Did you want the proof to be from first principles?

The following proof by contradiction assumes some basic knowledge, such as "any rational can be written in lowest terms" and "the square of an odd integer is odd".

Suppose $x$ is a rational such that $x^2= 2$, then $x$ can be written in lowest terms as $p/q$,

where $p$ and $q$ are integers and $\gcd(p,q) = 1$.

As $x^2 = 2$ implies $(p/q)^2 = 2$, $p^2 = 2q^2$, which is even.

As the square of an odd integer is odd, $p$ is even, so $p = 2m$, where $m$ is an integer.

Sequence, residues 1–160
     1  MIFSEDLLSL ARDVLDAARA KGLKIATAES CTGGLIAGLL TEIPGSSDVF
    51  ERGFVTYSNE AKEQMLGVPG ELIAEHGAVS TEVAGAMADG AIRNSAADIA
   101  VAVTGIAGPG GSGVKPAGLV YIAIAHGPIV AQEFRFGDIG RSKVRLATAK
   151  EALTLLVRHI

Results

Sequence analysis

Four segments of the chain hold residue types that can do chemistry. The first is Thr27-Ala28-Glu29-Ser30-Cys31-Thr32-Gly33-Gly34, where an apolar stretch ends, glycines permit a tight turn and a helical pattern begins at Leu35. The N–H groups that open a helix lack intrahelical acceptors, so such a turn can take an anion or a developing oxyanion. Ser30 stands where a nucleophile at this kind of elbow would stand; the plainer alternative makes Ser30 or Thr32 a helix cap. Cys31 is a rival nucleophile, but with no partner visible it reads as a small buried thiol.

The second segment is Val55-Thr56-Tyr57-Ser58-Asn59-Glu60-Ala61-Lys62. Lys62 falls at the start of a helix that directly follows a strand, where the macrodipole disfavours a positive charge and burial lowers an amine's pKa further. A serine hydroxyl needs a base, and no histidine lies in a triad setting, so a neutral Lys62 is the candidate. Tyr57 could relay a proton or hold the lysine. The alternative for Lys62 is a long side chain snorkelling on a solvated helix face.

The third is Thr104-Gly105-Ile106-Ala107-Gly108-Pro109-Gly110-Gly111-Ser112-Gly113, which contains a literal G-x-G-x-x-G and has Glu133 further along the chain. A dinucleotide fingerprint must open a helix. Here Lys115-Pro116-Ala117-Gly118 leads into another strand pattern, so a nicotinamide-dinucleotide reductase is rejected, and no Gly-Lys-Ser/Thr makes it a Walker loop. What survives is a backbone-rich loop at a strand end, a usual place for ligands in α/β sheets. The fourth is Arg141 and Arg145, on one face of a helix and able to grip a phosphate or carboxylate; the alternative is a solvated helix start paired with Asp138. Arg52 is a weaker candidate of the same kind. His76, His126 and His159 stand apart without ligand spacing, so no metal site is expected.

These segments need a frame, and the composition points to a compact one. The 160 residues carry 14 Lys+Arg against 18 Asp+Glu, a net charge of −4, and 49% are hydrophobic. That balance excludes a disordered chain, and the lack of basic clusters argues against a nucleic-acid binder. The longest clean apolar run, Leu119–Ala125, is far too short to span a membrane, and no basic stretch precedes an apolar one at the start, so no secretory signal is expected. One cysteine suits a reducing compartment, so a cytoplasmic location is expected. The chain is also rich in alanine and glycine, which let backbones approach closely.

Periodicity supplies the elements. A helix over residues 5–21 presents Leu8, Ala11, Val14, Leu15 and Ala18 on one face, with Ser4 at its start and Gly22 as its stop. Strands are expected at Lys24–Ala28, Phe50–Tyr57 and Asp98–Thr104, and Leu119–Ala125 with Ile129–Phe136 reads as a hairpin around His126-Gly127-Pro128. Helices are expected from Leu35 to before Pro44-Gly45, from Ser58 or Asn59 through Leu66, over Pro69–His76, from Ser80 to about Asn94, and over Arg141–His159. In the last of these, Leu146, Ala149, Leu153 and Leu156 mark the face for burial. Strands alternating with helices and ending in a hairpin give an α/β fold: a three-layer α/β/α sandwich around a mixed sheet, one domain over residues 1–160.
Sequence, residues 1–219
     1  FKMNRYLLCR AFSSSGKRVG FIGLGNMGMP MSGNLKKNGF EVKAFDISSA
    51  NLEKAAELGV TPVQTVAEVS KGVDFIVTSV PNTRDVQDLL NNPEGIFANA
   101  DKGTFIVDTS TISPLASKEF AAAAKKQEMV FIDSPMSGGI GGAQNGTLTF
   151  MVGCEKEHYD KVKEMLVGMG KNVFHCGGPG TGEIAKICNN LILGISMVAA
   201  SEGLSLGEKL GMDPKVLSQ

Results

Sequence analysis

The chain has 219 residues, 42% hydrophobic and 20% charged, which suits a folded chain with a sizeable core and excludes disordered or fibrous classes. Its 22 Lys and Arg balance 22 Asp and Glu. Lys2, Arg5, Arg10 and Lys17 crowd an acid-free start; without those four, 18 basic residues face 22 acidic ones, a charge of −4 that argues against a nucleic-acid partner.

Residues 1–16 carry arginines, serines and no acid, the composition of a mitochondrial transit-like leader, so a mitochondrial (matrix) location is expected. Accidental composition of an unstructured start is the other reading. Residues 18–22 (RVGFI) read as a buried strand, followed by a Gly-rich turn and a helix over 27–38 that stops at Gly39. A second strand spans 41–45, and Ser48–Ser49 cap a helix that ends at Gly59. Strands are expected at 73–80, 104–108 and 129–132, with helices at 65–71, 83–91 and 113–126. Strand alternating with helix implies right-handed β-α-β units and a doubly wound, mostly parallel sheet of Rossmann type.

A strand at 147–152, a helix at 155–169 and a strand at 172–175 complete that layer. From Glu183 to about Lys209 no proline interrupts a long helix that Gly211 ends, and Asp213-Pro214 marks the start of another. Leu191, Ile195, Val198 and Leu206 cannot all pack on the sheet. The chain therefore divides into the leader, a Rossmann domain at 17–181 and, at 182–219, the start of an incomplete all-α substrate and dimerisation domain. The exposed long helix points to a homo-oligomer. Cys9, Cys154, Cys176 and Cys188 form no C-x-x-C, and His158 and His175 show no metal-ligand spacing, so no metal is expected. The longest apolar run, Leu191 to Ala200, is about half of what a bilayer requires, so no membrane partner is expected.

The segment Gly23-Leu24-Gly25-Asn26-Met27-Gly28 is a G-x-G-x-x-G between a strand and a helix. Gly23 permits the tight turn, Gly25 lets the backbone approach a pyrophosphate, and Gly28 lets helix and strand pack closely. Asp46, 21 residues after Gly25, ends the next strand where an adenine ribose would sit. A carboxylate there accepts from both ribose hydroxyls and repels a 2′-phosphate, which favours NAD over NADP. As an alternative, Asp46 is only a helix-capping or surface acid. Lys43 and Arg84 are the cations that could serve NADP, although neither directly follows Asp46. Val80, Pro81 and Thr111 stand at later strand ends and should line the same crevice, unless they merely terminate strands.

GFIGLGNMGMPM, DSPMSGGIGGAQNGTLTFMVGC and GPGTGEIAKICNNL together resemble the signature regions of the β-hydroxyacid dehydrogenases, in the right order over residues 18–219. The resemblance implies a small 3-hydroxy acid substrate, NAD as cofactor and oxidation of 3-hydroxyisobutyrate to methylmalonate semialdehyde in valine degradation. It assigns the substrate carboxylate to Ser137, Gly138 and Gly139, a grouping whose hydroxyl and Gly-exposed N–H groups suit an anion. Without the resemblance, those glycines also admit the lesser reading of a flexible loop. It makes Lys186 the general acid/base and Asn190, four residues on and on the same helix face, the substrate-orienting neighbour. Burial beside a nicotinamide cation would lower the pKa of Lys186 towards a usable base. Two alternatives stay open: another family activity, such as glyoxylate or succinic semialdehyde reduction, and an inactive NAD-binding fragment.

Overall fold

Hence $q^2 = 2q^2/2 = p^2/2 = (2m)^2/2 = 2m^2$, which is even.

As the square of an odd integer is odd, $q$ is even.

As $p$ and $q$ are both even, $\gcd(p,q) \geqslant 2$, which contradicts $\gcd(p,q) = 1$.

Hence the supposition that $x$ is a rational such that $x^2 = 2$ is false.